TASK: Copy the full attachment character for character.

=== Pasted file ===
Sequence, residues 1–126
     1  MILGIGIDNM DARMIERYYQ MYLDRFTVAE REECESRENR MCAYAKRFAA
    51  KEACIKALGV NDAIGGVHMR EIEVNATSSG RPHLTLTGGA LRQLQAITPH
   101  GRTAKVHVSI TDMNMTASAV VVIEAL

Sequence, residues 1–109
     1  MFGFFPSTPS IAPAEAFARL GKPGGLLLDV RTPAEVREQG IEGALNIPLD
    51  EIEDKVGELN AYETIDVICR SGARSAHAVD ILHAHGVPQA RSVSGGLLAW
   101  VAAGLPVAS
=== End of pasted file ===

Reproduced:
Sequence, residues 1–126
     1  MILGIGIDNM DARMIERYYQ MYLDRFTVAE REECESRENR MCAYAKRFAA
    51  KEACIKALGV NDAIGGVHMR EIEVNATSSG RPHLTLTGGA LRQLQAITPH
   101  GRTAKVHVSI TDMNMTASAV VVIEAL

Sequence, residues 1–109
     1  MFGFFPSTPS IAPAEAFARL GKPGGLLLDV RTPAEVREQG IEGALNIPLD
    51  EIEDKVGELN AYETIDVICR SGARSAHAVD ILHAHGVPQA RSVSGGLLAW
   101  VAAGLPVAS